Canadian group Suuns latest album Zeroes QC can be described in many different ways. Words such as broody, menacing, disturbing and confusing would all be perfectly adequate, however they don't quite sum up just how much this album messes with your mind. The sheer volume of drastic changes in tone, texture and sound throughout this record should not be underestimated and it just simply impossible to categorise music such as Suuns into one genre (not that that's necessarily a bad thing). The best thing about this is it comes completely as a surprise. Upon settling down and listening to the first couple of tracks, 'Armed For Peace' and 'Gaze' it would not be unreasonably to believe that Zeroes QC was a scuzzy, noisy guitar record in the vein of Smashing Pumpkins. But once you get to the pulsating and experimental 'Arena', you start to release what a mind-fuck of a record this really is.

'Sweet Nothing' is a prime example of this. The song is but one second over seven minutes long and it must be said that on first glance this particular writer was dreading what was inevitably going to be an exercise in prog-rock indulgence. However, after you start to get into this track, it becomes evident that it's taking you on a journey from minimalism through shoegaze and then finally settling some good old-fashioned heavy guitar riffs. Then you get to the fantastically rhythmical 'Up Past The Nursery' and it's very hard not to find yourself tapping along to the angular guitars and pumping bass drums. This is also a track that displays chief vocalist Ben Shemie's vocal skills best and actually in many ways sounds more like a minimal house record than anything else which is even more astounding considering the albums scuzzy beginnings. 'PVC' is similarly brilliant, converting to a more stereotypically "rock-y" format whilst keeping a sense of rhythm in a way that Josh Homme would be proud of. 'Pie IX' is a more broody, thoughtful effort that, in what is a common feature of the record, uses muted guitars to build suspense over a background of thumping drums and static.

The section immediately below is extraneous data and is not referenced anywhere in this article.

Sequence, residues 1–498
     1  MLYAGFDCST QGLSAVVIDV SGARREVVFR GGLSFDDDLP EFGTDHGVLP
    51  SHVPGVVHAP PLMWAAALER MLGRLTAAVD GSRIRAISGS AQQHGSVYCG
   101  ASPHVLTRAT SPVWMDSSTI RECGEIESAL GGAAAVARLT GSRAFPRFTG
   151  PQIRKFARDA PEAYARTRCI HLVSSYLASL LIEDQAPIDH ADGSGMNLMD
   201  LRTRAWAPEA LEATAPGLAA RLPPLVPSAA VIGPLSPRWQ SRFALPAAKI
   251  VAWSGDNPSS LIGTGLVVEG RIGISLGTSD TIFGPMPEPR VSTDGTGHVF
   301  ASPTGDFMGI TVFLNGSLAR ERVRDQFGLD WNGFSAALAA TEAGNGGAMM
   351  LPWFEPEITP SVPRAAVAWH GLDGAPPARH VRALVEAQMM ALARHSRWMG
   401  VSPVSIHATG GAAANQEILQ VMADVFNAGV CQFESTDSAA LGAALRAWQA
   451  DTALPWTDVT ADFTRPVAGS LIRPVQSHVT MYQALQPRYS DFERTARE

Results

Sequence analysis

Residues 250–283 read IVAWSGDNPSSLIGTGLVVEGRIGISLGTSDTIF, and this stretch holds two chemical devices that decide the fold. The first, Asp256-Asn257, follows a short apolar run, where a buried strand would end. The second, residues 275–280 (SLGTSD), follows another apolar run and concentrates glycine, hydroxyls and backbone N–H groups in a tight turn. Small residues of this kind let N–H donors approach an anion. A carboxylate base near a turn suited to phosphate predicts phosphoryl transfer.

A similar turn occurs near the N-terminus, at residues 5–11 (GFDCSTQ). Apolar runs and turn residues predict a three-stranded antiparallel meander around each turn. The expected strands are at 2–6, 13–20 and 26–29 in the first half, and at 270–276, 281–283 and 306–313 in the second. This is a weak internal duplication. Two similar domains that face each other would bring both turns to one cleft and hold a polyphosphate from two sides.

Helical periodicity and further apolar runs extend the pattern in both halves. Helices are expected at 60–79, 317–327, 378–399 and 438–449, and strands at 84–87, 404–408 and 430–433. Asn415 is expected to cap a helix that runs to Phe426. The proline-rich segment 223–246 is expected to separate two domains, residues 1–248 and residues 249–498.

It's very hard to pinpoint any weak elements in this record. Each song is brilliant in its own separate way and in many aspects, Zeroes QC is like a good thriller, taking you on different musical adventures and bringing up new surprises when you didn't think there could possibly be any more. It stops short of taking you away into another world, it's not atmospheric enough for that - but the fact is that almost every track is an incredibly good listening experience in itself whilst keeping your brain interested at every new twist and turn, and for that Suuns should be respected and highly commended. The other wonderful quality that Zeroes QC has is it that every time you listen to it, you pick up something new, and that is a very rare quality indeed.